This Sunday is International Women’s Day. That means that for just one day, companies will turn their attention to publishing data on women in the workplace or on successful quotas reached and improved targets met. But the problem with reducing equality to any one day, or one set of numbers, is that it is lazy. It is a mark of our failure to overcome unconscious biases and our failure to truly value the people behind our every interaction, regardless of their gender.  

Though more women have risen to the top levels of companies over the last five years, women continue to be underrepresented at every level. Most significantly, their absence is clear in the first step up to manager. By focusing too much on quotas to smash the glass ceiling, we have forgotten about the steps to be climbed along the way. A “broken rung” remains the major obstacle to gender parity. It is especially perverse in the investment management industry, where women make up only 19% of C-Suite, when at an entry level, they represent almost half of the cohort. 

It is evident that lazy thinking reveals a tendency to discriminate based on gender, or any other qualifier, despite denials. But when I hear people question where the meritocracy is in introducing quotas and targets – what happens when we reduce the issue to numbers, not people – this truly highlights that not everyone is aware of their own unconscious bias.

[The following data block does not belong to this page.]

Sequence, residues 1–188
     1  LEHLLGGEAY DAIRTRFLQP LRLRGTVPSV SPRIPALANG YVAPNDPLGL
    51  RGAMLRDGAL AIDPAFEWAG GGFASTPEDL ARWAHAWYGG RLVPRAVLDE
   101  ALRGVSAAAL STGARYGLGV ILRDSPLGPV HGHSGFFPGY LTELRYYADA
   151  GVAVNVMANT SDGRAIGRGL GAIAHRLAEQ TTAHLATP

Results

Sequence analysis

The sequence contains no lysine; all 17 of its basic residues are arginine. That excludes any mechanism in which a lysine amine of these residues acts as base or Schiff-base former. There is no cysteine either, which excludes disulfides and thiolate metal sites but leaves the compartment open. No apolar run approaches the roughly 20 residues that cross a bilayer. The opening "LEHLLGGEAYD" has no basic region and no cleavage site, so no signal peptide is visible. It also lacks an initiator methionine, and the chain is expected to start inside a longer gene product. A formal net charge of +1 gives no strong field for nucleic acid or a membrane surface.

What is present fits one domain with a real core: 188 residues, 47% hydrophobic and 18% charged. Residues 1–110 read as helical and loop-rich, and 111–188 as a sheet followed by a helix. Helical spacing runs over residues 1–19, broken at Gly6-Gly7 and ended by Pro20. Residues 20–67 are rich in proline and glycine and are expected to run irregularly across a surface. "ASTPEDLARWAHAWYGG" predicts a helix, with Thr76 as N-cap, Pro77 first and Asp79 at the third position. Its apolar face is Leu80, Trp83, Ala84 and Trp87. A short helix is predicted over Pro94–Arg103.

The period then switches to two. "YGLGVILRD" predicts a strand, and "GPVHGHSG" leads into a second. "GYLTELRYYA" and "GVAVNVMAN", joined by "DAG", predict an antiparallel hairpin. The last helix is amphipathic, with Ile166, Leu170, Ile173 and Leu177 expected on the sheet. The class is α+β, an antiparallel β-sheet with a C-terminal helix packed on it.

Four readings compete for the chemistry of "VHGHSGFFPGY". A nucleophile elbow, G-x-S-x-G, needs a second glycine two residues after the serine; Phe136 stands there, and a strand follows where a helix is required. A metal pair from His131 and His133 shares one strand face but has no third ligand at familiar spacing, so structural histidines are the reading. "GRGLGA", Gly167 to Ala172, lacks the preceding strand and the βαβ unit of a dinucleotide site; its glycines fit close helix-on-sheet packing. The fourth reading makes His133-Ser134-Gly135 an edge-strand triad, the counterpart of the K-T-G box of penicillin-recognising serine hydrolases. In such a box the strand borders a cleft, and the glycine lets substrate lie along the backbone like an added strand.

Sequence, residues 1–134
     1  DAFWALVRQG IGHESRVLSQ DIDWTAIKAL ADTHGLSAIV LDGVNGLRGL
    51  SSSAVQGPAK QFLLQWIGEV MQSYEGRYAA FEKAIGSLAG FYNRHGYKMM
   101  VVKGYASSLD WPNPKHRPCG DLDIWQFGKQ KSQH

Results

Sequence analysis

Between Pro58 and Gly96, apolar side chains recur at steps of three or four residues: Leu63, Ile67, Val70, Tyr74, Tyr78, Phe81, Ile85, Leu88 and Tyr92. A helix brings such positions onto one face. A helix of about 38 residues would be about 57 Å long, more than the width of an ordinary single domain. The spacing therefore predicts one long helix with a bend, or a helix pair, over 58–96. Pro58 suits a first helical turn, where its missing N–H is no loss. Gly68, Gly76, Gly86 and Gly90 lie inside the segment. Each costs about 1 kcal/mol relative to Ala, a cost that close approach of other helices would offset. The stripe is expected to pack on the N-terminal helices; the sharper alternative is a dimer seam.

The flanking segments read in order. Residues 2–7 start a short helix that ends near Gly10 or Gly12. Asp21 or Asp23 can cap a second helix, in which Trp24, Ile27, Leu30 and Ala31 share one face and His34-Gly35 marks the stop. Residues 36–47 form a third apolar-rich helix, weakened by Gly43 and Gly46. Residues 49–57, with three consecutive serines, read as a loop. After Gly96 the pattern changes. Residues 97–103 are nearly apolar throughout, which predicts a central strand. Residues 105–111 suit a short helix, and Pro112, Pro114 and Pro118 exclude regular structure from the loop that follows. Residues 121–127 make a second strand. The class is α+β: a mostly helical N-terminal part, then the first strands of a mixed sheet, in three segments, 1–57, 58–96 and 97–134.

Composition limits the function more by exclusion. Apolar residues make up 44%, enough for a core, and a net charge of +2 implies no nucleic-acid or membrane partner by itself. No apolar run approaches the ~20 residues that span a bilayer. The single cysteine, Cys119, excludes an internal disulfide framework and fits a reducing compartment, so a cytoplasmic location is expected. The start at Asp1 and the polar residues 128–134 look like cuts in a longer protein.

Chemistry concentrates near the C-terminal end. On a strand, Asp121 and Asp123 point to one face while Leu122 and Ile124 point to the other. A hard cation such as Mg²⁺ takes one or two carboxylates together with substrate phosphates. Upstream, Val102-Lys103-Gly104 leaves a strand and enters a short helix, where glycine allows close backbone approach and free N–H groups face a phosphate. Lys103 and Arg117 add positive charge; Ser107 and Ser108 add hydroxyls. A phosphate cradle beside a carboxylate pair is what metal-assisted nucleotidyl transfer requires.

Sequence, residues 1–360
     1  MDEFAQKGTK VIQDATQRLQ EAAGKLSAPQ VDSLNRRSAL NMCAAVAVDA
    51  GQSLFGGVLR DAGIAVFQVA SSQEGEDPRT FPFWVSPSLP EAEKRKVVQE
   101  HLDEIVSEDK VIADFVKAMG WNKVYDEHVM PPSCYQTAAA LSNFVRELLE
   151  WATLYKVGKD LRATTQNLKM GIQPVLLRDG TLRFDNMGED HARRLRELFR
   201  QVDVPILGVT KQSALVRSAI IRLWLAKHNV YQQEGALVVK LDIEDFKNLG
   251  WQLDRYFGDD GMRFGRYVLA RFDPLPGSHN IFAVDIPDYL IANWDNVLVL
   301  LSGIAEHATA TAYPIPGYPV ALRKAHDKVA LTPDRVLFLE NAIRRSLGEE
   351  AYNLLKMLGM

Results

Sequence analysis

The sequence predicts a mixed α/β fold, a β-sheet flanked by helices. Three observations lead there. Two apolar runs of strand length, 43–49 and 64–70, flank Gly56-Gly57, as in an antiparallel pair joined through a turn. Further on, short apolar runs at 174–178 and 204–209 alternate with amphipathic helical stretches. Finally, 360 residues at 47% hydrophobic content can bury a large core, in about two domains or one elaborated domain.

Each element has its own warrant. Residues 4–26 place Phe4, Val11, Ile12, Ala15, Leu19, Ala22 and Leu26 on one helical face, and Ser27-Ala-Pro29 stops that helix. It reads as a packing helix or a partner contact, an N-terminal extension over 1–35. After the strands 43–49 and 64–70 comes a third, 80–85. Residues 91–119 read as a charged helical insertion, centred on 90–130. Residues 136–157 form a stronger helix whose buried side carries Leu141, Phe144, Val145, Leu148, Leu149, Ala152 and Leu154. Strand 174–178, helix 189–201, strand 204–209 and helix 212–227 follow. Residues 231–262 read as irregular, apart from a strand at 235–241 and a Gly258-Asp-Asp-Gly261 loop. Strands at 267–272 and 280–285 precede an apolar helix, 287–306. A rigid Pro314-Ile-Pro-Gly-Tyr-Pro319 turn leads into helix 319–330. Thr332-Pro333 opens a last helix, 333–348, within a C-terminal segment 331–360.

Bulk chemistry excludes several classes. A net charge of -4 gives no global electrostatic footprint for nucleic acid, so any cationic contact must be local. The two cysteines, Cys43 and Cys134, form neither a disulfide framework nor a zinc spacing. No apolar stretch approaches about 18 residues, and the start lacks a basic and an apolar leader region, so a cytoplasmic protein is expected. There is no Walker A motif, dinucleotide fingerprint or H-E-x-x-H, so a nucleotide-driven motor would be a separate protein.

In an experiment where participants were shown the same pitch video relating to a new entrepreneurial venture, 68% of participants (both male and female) chose to support funding when a male voice pitched the venture, compared to 32% when the same pitch was narrated by a female voice.  This unconscious bias is the epitome of lazy thinking and is why we’re still a long way from gender equality, despite increased awareness of it.

Ultimately, we’re operating off a data base that’s already flawed with bias, which if left unrecognised, leads to a break down in both system 1 and 2 decision making. Why is it that in performance reviews studied, where men are praised for ‘confidence’ and ‘assertiveness’, traits that lead to eventual promotion to the exclusive C-suite, women are more likely praised for ‘resilience’ and being a ‘team player’?

Although it is almost impossible to eliminate this bias, the most supportive colleagues I’ve worked with interrupt it when it happens.  At EG, I’m very lucky to work with inspiring and supportive mentors (both male and female) who introduce me as ‘colleague’ as opposed to by my title. It demonstrates that it is the person and their voice that counts, and not their gender, title or representation in a statistic. By calling out unconscious bias, we can tackle and address the issue from the foundations and make sure women are not left invisible. Relationships really do matter – and people must be at the heart of every business decision, interaction, hire or promotion every day of the year.